Last week, a new round of payment of emergency aid began, which was possible only after the approval of the PEC Emergency, last month, when the post-election political environment of the presidents of the Chamber and the Senate allowed the attention to turn to the agendas society’s urgent needs.
The Executive did not delay and, a few days after the promulgation of the PEC, edited the rules for the new round, whose estimated cost reaches R $ 43 billion, paid in four installments as of this month.
There was little doubt that some support network for workers and families that fell into a situation of food insecurity would also come this year, especially now, with the escalation of deaths, with delays in the vaccination schedule and with a job market that gives few signs of recovery.
But, if eventual failures in the implementation and execution of the aid could be justified by the urgency of the first months of the pandemic, it is difficult to understand why, after more than a year in a health crisis, we insist on an aid design that is far from meeting some precepts basic needs that assistance and temporary assistance must satisfy.
There are at least two objectives to be achieved in this context: first, a partial replacement of income guaranteeing the basic subsistence of families, and, second, an amount that is sufficient to keep families at home when the pandemic intensifies and intensifies. social distancing.
In this new round, the rules are in fact different, and the benefits, much less generous: R $ 150 for a family with a single person, R $ 250 for families with more than one person and R $ 375 for families where the mother is the only provider.
But, even though the new rule has come to consider a single benefit per family – which was not the case before – the new aid continues to perpetuate the mistake of not taking into account that families differ in their composition and number of members and, consequently , have different needs for subsistence, which is increasing in size.
Consider, for example, two families in which the mother is the sole provider and loses all of her income, but in one of them the family consists of a mother and a small child, while in the other the mother has four children. In both situations, the aid will be R $ 375, but in the first family there will be only two mouths to eat, while in the second it will be five.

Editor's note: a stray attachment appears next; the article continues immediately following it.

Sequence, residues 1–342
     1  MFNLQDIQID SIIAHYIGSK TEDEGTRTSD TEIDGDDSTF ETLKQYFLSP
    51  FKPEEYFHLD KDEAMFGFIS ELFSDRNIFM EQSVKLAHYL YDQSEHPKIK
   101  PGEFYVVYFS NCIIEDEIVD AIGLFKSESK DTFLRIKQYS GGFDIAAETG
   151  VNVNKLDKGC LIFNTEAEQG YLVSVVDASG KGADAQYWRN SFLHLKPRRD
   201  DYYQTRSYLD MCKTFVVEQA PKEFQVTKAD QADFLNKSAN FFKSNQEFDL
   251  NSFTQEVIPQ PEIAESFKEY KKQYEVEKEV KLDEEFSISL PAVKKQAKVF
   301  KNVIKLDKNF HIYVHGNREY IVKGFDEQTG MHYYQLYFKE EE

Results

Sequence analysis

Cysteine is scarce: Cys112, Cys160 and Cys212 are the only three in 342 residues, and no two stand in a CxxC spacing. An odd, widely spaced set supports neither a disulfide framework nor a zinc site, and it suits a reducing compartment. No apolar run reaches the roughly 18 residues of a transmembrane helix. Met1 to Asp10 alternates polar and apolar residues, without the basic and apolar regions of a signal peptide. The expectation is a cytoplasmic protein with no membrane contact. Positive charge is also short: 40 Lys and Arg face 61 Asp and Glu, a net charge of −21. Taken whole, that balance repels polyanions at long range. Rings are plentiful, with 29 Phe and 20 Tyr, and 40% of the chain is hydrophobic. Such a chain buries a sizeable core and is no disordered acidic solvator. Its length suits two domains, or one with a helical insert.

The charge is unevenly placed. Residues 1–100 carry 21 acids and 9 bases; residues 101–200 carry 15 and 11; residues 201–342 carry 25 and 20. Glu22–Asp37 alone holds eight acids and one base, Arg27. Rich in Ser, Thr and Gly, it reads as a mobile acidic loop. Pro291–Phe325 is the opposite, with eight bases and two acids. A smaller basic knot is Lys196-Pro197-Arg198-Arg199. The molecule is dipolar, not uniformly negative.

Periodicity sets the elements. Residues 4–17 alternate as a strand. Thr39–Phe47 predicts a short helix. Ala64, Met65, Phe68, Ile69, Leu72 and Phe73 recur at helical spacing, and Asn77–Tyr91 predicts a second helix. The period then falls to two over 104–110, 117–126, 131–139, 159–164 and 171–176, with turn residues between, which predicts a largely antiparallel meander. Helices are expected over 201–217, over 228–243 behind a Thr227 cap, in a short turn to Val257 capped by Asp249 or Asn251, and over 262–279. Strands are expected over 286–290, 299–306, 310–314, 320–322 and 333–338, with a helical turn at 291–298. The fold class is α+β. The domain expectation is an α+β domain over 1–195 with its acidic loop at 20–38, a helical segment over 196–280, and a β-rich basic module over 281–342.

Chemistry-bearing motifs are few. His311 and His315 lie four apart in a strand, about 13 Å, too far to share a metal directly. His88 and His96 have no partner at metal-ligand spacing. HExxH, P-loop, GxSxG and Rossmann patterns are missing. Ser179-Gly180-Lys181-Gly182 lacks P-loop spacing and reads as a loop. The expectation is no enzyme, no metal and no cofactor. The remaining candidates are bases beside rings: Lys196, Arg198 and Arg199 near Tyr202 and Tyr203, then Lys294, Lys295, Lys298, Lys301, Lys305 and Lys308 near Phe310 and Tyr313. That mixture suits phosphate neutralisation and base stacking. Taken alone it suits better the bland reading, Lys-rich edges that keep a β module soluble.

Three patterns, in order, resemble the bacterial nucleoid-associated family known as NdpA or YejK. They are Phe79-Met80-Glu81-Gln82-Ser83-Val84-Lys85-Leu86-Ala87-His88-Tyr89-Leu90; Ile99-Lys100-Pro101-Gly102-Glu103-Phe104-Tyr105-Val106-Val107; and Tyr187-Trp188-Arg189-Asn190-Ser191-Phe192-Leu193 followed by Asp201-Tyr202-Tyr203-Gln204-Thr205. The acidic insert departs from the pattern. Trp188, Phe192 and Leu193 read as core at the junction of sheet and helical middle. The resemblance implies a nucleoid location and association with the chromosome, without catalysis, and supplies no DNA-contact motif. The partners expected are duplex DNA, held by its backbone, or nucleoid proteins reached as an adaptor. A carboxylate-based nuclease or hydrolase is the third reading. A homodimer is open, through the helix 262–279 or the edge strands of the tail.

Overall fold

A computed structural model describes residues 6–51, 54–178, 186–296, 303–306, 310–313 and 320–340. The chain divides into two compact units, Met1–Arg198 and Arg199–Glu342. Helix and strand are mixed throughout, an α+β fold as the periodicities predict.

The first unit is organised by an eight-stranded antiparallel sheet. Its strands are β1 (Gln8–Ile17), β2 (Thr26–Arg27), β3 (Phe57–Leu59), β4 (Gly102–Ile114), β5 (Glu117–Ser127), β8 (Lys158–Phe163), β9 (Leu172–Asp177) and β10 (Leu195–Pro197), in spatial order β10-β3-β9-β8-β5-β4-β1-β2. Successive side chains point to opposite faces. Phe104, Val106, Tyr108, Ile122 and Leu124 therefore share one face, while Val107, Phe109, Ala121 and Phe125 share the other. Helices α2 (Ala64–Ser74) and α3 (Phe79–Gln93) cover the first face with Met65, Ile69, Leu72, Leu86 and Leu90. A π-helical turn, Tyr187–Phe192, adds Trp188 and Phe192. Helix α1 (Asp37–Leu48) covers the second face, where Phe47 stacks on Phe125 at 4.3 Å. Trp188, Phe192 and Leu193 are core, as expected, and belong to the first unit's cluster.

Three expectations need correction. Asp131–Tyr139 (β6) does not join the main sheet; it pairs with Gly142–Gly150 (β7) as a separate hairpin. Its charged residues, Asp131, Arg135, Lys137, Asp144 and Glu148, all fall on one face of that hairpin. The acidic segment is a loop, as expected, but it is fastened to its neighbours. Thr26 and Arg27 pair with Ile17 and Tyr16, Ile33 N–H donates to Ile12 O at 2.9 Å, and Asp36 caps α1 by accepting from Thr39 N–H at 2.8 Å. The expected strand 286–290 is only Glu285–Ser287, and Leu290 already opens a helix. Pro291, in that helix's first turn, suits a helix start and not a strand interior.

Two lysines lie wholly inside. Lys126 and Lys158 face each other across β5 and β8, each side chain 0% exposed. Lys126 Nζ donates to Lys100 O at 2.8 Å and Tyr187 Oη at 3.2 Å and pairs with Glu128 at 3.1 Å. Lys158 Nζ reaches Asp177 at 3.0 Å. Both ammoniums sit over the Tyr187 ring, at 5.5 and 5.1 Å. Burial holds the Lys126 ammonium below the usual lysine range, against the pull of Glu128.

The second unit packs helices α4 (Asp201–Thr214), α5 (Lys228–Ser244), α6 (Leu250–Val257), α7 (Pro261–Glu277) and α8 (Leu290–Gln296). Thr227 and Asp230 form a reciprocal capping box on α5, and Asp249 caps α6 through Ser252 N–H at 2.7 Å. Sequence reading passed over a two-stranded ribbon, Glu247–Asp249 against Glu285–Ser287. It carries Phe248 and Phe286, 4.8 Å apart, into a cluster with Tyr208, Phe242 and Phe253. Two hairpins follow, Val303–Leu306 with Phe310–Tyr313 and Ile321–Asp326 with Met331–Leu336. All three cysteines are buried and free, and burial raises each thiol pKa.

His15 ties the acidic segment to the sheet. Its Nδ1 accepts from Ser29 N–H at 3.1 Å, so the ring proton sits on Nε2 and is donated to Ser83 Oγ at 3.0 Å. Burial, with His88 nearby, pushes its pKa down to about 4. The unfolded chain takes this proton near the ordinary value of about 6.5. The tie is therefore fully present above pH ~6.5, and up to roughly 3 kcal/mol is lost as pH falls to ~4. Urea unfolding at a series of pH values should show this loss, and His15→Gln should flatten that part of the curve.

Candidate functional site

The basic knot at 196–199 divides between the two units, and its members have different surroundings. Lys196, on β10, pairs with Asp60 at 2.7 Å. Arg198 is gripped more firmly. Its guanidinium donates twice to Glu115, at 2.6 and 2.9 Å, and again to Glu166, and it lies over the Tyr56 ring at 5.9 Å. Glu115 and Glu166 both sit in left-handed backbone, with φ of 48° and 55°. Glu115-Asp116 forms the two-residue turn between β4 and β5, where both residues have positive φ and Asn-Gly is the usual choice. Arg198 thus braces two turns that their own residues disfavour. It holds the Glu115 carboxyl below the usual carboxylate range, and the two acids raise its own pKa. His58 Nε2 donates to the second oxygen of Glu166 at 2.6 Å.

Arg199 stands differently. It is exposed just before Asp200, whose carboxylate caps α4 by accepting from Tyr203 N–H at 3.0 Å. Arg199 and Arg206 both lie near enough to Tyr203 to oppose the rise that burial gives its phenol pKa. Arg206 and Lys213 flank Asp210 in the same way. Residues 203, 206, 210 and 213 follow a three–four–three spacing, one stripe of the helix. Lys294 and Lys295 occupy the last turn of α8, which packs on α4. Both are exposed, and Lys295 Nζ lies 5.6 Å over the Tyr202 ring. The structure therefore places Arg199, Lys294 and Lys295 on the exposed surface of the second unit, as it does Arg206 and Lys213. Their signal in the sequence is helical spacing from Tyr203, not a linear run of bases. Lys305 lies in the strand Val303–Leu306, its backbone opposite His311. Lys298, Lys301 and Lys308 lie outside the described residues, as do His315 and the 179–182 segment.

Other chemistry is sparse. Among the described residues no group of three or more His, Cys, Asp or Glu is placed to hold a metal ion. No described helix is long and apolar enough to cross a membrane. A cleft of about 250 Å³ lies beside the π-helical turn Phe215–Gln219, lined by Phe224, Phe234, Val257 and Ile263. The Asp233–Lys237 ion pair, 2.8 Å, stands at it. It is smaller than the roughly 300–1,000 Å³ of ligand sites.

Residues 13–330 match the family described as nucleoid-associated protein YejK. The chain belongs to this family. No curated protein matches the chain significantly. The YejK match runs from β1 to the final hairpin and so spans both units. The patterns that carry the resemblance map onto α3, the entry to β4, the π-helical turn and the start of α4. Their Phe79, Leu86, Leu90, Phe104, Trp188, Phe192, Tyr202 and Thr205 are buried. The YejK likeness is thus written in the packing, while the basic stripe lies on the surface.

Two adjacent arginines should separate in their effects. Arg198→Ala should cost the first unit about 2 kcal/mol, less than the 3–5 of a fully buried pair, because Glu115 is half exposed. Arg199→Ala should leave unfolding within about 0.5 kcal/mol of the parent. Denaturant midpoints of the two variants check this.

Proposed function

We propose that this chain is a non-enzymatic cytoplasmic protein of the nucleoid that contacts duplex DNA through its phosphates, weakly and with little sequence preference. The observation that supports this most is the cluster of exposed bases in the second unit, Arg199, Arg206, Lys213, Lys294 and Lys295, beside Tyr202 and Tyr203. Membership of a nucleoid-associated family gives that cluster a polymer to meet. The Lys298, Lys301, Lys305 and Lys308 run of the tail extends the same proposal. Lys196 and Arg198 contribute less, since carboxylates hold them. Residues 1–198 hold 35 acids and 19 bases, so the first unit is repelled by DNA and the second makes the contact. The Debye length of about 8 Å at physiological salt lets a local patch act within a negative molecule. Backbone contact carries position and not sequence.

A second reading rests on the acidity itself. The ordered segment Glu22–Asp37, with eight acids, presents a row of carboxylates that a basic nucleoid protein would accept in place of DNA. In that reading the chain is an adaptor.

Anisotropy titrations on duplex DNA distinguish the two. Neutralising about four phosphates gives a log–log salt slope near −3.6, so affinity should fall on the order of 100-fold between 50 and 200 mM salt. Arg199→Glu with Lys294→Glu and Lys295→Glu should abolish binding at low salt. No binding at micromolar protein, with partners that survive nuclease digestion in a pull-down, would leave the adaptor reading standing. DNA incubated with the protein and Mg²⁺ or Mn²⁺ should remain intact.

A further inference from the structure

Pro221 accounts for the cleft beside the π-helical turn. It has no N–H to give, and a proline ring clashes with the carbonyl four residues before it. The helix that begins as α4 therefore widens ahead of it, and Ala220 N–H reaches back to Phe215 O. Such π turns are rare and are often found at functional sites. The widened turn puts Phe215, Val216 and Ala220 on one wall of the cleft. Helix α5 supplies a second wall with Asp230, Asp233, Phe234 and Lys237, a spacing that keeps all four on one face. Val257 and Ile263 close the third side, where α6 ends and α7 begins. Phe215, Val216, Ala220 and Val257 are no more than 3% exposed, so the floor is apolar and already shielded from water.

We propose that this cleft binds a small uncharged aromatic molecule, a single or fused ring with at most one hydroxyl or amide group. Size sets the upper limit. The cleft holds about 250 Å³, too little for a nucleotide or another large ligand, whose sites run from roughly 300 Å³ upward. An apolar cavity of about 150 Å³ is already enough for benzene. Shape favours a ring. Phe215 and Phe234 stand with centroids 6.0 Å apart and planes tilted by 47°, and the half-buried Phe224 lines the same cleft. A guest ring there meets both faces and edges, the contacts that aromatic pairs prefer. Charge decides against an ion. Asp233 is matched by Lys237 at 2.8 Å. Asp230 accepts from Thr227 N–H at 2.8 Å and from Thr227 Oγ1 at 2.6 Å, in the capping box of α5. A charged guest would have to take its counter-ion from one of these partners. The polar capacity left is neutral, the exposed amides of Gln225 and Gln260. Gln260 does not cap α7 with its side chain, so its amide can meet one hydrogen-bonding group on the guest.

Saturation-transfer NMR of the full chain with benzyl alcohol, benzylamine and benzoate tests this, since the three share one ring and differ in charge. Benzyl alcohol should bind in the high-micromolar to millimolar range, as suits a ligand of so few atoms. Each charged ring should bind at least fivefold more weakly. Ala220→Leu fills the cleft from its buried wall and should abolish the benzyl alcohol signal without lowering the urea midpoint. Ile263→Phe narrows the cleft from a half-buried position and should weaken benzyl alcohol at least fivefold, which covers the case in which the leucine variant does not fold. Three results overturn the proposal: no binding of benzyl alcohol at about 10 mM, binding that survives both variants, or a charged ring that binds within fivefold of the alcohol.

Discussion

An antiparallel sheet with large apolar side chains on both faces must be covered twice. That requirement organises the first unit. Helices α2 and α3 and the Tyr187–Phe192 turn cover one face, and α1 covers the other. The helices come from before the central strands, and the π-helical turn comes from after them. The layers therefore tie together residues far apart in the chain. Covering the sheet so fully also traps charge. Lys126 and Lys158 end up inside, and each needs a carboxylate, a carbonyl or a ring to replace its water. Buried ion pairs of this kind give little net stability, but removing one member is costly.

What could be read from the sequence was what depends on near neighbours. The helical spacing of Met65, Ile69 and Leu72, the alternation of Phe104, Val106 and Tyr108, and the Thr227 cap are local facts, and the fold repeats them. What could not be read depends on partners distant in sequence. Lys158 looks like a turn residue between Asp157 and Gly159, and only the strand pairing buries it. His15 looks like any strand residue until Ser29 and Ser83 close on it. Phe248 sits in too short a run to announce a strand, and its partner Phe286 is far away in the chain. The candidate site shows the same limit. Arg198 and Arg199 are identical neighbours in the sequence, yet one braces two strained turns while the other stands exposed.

Similarly, imagine that in one of the families above there is an aunt, who does not have paid work or receives any benefits. As a member of that family, she will receive nothing incrementally. However, she would receive R $ 150 if she lived alone.
In Brazil, only about 11 million families are sole proprietors, of which less than 2 million qualify for new aid by the income criterion. The specific rule for such a small group draws attention, compared to other families and people in situations of vulnerability.
It is inevitable to note that the design of the program generates incentives for each adult to declare that they are in a separate household, which further exacerbates the discrepancy between transfers that are made to families with and without children.
Finally, and not least, the rule that transfers more to single mothers vis-à-vis a family in which there is also the figure of a father is quite curious.
In general, cash transfers directed to single mothers serve a dual purpose: first, they seek to compensate for the existence of a child in the household, since mothers are, as a rule, responsible for the care of their children. And, second, they seek to compensate for the fact that women receive lower wages in the labor market and have less income-sustaining capacity.
It happens, however, that any informal work, be it men or women, is equally affected by social distancing policies. Thus, in families with children in which the father is present, the transfer is less (R $ 375 vs. R $ 250), although this father is equally impaired in his ability to work.
The design implicitly assumes that families in which the father is present have greater capacity to generate income, which is not necessarily true in the context of the pandemic. Worse, it makes the minimum income per capita under social distance by family composition unequal. It is to be expected that this discrepancy will also spread in the exposure to the virus due to the need to work.
One year of a pandemic and we have not yet been able to resolve elementary details of a temporary aid program. The difficulty of converging on a basic good sense for this program does not generate optimism regarding a larger agenda for reformulating and expanding the social protection network and for the establishment of a program for the insertion and qualification of workers affected by the crisis. There is a lot of work to be done.
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